Posted by: mollyscafeistanbul | January 6, 2011

molly’s cafe books: The Lacuna, The Abyssinian Proof

these are tw excellent books that have made their way into Molly’s Cafe.

The Lacuna by Barbara Kingsolver

A customer brought this into the café not long ago, so I took it home and read it. I had read the Poisonwood Bible some years ago and was happy to have something else by the same author to read.

At first I did not understand why this book was called the lacuna, but at the end (which I will not disclose), I could see how Kingsolver brought the story together.

Basically the story is about a young man whose father is American and mother is Mexican. She leaves the father and takes her young son to Mexico to be the woman of a rich Mexican man. She is the kind of woman who latches on to men, dragging her son along with her. At one point she tells her son to write things down so they will remember them, which he does and continues to do throughout his life.

As a young boy, Harry or Will (he is mostly just the nameless narrator) goes to the beach on the island and one day finds a lacuna, an undersea cave that comes up in one of the many cenote on the peninsula. We will see this again. When he is sent away to school, he discovers that he is gay and through the book we see a few loves he finds, though it is not the main theme of the book.

Eventually our narrator meets Diego Rivera and becomes a plasterer for his murals, as he has learned to make some Mexican cakes that require the same light hand. From there he meets Frida Kahlo, who he has already seen in her colourful glory in the market. Eventually he becomes one of their cooks. When Leon Trotsky, his wife, and his handsome secretary arrive, our young man also becomes a secretary. Although the place is well guarded one day a man who they thought was trustable kills Trotsky and the household falls apart.

Subsequently he decides to return to the U.S., where he finds his father has died and left him a car. He takes the car and starts to drive, eventually arriving in a small town in North Carolina, where he decides to stay. He writes the novel he has been working on for some years, based on stories of the Aztecs. It is published and very well received, in fact so well that he takes on a secretary, Violet Brown. After his second successful book is published, things get rough, as it becomes the time of the Red Scare, and the FBI visits him. He has to sign various papers saying that he is not a Communist, but of course at that time everyone was suspect no matter what. Everything he has said or not said becomes twisted and finally, he goes before the committee in Washington. His lawyer warns him that he will probably be convicted of some noncrime, so at one point he returns to Mexico with his loyal secretary. There he drowns– or does he? Upon her return to the U.S., Violet collects all his notebooks, letters, and newspaper clippings (some of which are real, by the way) and arranges to have them printed 50 years later. This is what we are reading.

Kingsolver is an excellent writer and the story moves well. I found myself getting very upset with the stupidity of the Communist hunters, at which point I had to put the book down. I really liked the way she ended the story and I highly recommend the book.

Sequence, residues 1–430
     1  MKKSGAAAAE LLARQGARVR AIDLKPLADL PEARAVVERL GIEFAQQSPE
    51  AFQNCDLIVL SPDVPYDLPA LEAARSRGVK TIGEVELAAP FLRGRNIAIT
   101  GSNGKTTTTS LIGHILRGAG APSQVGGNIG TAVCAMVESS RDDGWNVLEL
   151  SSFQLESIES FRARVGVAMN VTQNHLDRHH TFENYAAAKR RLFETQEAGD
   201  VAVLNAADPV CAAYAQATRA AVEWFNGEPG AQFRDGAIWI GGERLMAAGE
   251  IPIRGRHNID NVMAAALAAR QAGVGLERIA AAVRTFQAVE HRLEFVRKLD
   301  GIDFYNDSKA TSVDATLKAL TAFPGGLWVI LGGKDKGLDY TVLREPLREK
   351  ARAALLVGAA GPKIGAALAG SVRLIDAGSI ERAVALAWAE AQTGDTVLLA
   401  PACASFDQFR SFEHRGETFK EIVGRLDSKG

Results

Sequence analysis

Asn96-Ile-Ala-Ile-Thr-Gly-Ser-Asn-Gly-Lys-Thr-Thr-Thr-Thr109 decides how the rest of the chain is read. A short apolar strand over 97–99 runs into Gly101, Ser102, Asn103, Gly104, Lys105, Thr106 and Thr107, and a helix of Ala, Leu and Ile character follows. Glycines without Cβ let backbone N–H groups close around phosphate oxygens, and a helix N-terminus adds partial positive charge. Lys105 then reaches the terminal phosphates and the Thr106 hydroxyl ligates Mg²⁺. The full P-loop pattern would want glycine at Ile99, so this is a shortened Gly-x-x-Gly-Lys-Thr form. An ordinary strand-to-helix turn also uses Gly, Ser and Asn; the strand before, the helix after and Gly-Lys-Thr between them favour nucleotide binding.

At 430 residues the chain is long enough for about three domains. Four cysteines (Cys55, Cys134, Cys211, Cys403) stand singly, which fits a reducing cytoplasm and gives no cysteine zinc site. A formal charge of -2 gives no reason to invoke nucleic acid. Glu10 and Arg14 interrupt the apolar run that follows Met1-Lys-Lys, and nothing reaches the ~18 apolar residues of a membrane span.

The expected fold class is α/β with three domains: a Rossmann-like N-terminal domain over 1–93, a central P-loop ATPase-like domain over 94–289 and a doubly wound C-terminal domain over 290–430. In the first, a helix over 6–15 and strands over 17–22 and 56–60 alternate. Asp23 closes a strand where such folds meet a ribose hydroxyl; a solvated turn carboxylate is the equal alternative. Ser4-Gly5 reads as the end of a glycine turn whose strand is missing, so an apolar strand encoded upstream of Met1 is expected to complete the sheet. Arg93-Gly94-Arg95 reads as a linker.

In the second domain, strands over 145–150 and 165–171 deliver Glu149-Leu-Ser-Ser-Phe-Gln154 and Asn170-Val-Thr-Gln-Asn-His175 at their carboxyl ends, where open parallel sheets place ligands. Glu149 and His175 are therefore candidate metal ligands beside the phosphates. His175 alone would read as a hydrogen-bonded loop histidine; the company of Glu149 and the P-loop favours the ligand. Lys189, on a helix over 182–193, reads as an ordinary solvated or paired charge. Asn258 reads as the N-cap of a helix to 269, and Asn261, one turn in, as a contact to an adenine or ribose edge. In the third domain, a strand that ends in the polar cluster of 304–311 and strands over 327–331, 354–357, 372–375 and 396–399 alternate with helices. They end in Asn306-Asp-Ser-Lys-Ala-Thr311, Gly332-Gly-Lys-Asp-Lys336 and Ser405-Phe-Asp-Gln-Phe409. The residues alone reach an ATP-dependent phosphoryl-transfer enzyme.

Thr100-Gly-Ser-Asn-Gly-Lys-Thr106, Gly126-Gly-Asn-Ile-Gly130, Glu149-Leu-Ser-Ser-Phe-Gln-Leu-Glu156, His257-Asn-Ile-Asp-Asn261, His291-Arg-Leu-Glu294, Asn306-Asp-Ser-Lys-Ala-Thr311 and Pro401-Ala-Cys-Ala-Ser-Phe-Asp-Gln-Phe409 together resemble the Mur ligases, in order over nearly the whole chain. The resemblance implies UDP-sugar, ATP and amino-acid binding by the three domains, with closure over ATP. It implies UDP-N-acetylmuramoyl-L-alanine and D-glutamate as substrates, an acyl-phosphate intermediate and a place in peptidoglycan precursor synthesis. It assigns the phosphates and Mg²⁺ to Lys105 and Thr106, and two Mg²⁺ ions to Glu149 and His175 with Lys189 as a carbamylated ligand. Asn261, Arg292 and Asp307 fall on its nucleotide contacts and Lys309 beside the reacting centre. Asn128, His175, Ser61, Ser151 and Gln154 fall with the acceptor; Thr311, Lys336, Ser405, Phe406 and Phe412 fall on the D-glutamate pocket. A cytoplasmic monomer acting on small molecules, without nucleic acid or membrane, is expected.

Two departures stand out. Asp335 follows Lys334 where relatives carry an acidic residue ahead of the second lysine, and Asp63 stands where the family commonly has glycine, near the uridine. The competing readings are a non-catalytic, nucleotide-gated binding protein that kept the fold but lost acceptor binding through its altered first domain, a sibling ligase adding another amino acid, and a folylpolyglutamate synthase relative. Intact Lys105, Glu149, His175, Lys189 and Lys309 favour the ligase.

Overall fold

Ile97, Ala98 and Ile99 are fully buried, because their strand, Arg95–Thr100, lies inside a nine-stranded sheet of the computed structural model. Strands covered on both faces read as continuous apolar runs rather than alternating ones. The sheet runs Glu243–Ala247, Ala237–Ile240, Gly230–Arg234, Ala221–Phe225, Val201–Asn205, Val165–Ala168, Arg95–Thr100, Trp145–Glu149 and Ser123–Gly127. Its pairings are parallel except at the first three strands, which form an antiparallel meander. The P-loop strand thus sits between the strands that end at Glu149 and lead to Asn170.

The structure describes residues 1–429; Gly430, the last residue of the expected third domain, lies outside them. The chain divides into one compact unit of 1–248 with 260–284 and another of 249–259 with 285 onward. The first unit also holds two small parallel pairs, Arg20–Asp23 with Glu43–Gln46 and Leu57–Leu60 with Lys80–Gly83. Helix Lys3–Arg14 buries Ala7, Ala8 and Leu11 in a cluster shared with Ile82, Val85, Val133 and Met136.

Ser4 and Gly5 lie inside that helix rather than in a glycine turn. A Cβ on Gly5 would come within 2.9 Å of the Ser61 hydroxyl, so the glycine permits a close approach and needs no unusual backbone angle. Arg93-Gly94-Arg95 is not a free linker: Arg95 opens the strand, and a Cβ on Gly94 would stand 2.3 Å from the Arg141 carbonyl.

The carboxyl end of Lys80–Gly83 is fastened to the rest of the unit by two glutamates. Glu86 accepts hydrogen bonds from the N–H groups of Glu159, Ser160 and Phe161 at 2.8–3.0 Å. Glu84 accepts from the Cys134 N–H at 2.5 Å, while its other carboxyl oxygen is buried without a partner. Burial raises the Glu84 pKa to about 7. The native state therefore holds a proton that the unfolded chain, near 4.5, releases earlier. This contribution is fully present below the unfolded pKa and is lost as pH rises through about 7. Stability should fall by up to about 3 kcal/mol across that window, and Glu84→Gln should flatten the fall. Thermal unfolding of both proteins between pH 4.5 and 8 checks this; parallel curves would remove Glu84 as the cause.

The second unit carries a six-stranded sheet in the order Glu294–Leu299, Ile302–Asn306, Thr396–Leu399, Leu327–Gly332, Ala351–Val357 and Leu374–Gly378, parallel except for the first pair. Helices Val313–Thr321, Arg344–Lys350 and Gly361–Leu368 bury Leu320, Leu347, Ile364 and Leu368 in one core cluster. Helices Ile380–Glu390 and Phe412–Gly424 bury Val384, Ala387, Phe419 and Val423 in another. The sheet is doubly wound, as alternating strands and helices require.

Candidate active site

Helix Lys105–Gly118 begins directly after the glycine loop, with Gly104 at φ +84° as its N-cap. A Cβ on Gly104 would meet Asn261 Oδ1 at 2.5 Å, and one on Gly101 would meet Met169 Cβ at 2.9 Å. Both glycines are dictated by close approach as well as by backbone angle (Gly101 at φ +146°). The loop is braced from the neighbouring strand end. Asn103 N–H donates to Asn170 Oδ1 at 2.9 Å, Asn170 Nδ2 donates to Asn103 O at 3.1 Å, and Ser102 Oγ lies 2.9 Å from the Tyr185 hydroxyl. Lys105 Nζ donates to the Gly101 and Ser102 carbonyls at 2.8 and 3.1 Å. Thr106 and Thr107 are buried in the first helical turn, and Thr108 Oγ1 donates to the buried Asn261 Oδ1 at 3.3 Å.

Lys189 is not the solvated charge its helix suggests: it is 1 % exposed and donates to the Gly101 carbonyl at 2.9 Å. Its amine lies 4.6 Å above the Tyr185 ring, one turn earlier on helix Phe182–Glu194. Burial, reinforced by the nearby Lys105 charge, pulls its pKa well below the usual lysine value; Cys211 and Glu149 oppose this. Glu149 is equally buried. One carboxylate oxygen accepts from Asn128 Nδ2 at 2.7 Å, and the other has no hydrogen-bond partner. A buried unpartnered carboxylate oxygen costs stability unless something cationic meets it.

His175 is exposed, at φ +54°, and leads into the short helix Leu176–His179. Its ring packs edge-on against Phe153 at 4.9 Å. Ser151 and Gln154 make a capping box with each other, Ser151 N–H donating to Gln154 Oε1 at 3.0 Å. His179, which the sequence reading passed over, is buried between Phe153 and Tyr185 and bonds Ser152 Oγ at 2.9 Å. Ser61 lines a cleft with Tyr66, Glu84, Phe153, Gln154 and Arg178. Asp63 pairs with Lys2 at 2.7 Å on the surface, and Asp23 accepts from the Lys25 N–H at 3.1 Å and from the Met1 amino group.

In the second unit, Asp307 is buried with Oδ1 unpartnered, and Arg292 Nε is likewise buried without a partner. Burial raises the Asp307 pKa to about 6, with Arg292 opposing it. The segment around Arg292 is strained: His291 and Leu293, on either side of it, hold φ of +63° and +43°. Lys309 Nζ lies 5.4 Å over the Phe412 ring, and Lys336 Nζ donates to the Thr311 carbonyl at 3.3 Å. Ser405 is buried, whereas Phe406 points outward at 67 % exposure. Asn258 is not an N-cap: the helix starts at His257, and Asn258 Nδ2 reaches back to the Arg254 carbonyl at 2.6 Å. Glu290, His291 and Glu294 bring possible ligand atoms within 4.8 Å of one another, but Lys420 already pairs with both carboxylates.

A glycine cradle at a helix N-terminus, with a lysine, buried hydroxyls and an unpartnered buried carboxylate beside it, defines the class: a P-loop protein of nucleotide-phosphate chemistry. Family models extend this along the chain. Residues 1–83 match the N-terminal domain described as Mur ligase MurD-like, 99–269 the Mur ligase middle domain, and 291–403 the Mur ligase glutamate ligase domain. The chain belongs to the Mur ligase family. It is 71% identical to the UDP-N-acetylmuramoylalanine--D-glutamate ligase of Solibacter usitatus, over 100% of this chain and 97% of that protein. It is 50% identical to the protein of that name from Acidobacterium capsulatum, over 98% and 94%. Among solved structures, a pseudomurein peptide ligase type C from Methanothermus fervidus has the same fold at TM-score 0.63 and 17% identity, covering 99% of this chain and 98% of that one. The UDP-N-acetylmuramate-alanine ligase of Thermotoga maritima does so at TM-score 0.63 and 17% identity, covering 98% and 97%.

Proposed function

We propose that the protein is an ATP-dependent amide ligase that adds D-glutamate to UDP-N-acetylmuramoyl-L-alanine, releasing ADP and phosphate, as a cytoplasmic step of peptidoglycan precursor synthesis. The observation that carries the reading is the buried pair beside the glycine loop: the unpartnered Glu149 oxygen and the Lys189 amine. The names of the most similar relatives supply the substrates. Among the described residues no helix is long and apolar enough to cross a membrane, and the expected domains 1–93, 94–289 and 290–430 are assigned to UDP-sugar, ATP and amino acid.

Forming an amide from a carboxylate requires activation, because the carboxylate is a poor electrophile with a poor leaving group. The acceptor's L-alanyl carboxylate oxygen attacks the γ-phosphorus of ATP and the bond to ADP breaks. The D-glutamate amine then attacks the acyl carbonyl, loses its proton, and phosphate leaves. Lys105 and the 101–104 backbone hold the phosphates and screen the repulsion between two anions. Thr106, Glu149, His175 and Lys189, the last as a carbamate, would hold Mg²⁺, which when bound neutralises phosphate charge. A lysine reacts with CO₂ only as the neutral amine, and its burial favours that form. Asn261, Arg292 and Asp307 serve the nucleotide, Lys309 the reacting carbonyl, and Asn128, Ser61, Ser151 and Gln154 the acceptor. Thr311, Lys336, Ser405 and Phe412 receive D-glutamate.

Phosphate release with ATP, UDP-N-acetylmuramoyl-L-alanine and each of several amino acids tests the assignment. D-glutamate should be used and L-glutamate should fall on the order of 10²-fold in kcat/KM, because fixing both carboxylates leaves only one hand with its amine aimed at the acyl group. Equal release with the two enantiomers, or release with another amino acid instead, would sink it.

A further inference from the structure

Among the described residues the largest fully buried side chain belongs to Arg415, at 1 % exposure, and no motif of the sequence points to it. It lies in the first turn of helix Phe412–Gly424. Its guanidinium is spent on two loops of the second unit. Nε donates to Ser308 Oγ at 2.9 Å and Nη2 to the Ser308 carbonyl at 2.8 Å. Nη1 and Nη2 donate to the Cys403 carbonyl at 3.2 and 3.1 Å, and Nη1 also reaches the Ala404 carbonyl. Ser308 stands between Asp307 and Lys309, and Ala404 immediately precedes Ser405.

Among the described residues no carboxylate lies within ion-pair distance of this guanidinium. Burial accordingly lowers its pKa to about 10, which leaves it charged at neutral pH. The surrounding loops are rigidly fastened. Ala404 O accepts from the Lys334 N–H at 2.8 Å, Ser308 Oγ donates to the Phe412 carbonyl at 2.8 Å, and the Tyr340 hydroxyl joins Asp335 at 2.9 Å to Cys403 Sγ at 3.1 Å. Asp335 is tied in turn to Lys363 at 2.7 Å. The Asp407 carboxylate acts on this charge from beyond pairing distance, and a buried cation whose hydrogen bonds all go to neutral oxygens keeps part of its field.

The Abyssinian Proof by Jenny White

This book by Jenny White is another one set in Istanbul. It starts with the conquest by the Turks and a small family escaping with a relic that contains the Proof of God. Then it skips to 1887, when we are introduced to Kamil Pasha, who has to solve the multiple thefts of religious relics from mosques, churches, and synagogues. His investigation takes him to the community of the Habesh, who are descended from Abyssinians. They live in a former cistern in what is now Fatih. I actually visited this cistern a few years ago on a walk through Fatih. It is now a park, but I could visualize it as a community of rather shabby houses.

Kamil meets a young woman called Saba, who is quite taken with him. However, she is going to be the priestess for this community that mixes their own religion with Islam. Also, we eventually discover their shared secret. He also meets a young woman called Elif, who has escaped from Macedonia, losing her husband and son on the way. She is an artist who has studied in Paris.  She also becomes a help in his investigation.

Through Kamil’s investigation, we learn about secret tunnels that connect the Habesh settlement with the waterfront at the Tekel Cigarette Factory, now Kadir Has University. We meet cruel thugs who are part of the ring of thefts and an urbane Englishman who works for the British Consulate. We also meet Saba’s brother Amida, who like many young people rejects the values of his people and gets himself into serious trouble.

The story is very readable and I was very sorry when it ended. However, I was satisfied with the ending.  Jenny White is an anthropologist who knows Istanbul well. I hope her other book, the Sultan’s Seal, makes its way into the café. In the meantime, the Abyssinian Proof is on my bookshelf, so first come, first served!

 

 

 

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